Offering customers a range of high-quality craft beers is the way forward for F&B, and increasingly, craft beer is using franchising to expand the market, says Eddie Goitia

If you ask most Americans who have visited London, they’ll say they love going there as a tourist, but they shy away from the food. This is not another article to beat up on our British cousins and their cuisine – actually they have come a long way, and an even longer way when it comes to beer.

Craft beer that is. Taking a tour of Old London Town you cannot avoid running into one of their biggest raves: BrewDog. What appears to be an overnight sensation is nothing more than local-brewing-done-right by a group out of Scotland. Walk into a BrewDog bar and have a pint of one of their best craft brews. But wait, BrewDog also offers you an expertly-purveyed selection of other local and international craft beer brands. It’s crafty, and it is working.

And, yes, franchising has played a key role in BrewDog’s global expansion. Established in 2007, BrewDog used crowdfunding to fuel early growth, and as of last year had a valuation in excess of £1 billion (USD $1.3 billion). According to the company’s website, BrewDog now has over 70 company-owned and franchised bar locations in 16 countries. In 2017, BrewDog opened its first U.S. brewery and currently has three company-owned bars open in Columbus, Ohio. In late 2018, BrewDog announced a plan to offer franchises in key British markets to supplement their existing network of company-owned locations in the UK.

Today’s craft beer boom comes at a pivotal time for food and beverage franchises. F&B chains have been turned upside-down in the last decade with the onslaught of fast-casual restaurants and closures of full-service dining brands. Meanwhile, the local craft brew bar is on the rise worldwide, and there’s no end in sight.

Today’s millennial beer lovers will not settle for what’s in their dad’s refrigerator. This new generation is a true flavor craver, enlightened, and a bit revolutionary – which means craft beer here to stay.

Creativity meets franchise standards

Now, how does the craft brew craze fit into the franchise model? Actually, very well. Beyond BrewDog, some craft beer concepts are making good inroads.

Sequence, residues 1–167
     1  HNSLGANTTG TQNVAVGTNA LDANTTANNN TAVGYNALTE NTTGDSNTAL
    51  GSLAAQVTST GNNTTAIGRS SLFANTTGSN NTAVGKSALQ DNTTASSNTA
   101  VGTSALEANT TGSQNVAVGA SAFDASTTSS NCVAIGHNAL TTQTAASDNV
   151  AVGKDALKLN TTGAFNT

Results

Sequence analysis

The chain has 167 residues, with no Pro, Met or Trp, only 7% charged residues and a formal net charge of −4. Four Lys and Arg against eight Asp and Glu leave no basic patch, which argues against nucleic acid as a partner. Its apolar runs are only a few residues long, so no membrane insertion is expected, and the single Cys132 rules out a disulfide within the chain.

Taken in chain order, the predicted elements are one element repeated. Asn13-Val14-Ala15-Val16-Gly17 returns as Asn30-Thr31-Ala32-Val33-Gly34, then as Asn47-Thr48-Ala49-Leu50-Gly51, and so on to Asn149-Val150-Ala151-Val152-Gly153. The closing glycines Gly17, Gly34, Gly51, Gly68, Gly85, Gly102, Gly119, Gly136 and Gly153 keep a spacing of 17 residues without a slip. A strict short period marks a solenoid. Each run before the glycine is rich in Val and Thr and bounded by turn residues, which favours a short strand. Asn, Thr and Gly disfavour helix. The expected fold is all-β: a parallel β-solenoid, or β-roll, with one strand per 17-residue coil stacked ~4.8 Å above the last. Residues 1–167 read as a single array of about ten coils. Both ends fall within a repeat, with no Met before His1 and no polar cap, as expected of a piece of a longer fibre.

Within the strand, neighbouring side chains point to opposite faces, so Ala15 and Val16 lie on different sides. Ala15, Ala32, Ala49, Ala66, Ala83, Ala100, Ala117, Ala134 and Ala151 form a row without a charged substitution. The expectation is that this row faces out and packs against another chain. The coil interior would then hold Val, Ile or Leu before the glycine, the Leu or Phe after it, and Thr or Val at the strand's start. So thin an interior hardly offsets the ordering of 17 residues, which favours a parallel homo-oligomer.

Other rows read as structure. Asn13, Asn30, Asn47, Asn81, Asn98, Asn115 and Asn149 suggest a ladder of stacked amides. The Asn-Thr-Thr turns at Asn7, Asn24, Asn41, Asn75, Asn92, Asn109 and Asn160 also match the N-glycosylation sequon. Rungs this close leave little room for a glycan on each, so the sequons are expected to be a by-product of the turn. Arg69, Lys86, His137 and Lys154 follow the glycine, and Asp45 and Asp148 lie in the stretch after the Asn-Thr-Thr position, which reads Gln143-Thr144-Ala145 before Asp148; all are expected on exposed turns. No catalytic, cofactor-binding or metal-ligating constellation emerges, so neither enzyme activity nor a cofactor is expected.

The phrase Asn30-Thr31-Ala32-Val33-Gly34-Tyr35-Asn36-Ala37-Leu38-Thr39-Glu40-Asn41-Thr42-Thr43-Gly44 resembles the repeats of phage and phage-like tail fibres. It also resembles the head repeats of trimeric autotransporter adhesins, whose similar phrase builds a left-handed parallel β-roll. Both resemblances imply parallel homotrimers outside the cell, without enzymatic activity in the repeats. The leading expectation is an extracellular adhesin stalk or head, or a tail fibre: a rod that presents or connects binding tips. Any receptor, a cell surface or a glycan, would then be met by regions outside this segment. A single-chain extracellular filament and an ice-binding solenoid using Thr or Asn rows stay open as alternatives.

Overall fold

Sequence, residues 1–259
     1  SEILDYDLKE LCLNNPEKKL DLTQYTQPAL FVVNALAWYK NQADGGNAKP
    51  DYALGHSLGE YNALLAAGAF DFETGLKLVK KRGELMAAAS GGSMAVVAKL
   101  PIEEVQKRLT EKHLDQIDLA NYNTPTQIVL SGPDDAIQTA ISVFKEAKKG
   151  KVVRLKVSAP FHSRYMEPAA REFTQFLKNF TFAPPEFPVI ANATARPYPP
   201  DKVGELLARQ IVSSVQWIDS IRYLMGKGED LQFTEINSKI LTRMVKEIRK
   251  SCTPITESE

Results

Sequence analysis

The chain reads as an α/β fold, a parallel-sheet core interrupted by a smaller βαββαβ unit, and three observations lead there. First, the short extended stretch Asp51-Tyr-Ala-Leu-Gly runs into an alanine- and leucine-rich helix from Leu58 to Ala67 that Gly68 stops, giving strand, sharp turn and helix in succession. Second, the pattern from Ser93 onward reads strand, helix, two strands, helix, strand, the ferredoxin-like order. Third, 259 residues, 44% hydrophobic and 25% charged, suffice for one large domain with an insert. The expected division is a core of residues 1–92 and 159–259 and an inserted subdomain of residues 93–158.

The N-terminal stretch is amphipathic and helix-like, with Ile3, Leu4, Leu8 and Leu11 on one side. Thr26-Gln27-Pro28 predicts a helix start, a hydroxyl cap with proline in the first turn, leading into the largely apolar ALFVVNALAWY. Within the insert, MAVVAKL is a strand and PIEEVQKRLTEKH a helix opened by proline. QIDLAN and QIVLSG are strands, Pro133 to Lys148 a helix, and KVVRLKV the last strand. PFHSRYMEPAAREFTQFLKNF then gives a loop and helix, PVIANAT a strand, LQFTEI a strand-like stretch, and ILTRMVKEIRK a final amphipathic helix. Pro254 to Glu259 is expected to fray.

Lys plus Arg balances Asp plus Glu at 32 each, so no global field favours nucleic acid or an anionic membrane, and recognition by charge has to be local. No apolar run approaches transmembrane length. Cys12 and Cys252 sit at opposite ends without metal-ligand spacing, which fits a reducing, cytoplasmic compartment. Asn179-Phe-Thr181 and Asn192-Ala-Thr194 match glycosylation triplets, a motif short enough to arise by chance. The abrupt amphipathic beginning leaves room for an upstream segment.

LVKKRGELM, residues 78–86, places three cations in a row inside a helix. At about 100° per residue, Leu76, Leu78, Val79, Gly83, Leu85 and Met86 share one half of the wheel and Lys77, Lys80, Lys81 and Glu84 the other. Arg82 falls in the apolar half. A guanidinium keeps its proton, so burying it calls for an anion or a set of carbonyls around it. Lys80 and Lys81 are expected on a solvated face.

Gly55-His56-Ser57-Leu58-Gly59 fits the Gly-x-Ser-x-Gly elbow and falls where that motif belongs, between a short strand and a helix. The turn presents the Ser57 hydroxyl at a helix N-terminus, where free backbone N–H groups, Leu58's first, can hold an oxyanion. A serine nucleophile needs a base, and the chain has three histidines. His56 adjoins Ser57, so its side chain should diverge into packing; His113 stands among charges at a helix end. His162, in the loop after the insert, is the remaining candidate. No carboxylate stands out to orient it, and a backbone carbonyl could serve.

Of course, craft beer has always been an integral offering of large bar chains like Buffalo Wild Wings, World of Beer and Gordon Biersch. However, some emerging franchise concepts are going all-in to make their mark in the craft brew space.

Most seasoned franchise executives will expound on standards and consistency. Craft beer is one area where a franchisor can allow a franchisee to be totally inconsistent yet cool.

According to John Kutac, President of Colorado-based Growler USA, “As a franchisor, we are pretty tight when it comes to trademark, décor, quality control and other elements of our business model. However, our philosophy on beer selection is community-based, focusing on regional and local craft beers. As a result, we provide 100 per cent flexibility to our local franchise owners on their selection of craft beers, although we do limit the selection of non-craft beers to five labels at any time.”

Allowing local franchisees to have choices in beer selection is not really something new, but today we have many more choices. “Ten years ago, it would have been difficult for some craft beer bars to find a good selection of regional or local beers within a couple hours’ drive. Today, finding this local flavor is getting easier, with many more craft breweries to choose from in nearly every region of the U.S,” adds Kutac.

Franchisors can keep their standards and open the door to a great number of flavors. The growing ranks of flavor craver beer drinkers will expect it and demand it. This also gives franchisees an opportunity to truly differentiate their business and put their unique flavor stamp on their beer selection. Say goodbye to the red-and-white can from the bar refrigerator!

Stepping up

The debate on beer quality vs. quantity begs the question: Do we drink less when going out? The answer is yes, or we get a ride home. If we venture out for a brew, it better be a good one, and more than likely it will be a craft beer.

Also, stepping up the game in the bar business has never been more important. In today’s world, I can buy a 70-inch 4K screen TV for $700, selectively stream my favorite sporting event, enjoy my own selection of food and beverages delivered to my doorstep, and have the best seat in the house on my 50-yard-line sofa. For all these reasons, franchisors need to arm franchisees with the best opportunities to capture, sustain and build their customer base by maximizing their position in the craft beer market.

Julia Herz, Craft Beer Program Director at the U.S.-based Brewers Association, states, “Franchised food and beverage businesses stand to gain exponentially when they offer beer from a variety of breweries. For one, an advanced beer selection attracts new beer customers. We know from Nielsen 2018 data that 59 per cent of craft beer drinkers said it was very or somewhat important to their purchase decision if a beer was made by an independent craft brewer. Especially in the last few years, we are seeing more retail establishments expand their beer selection to include local, regional and national craft beer brands.”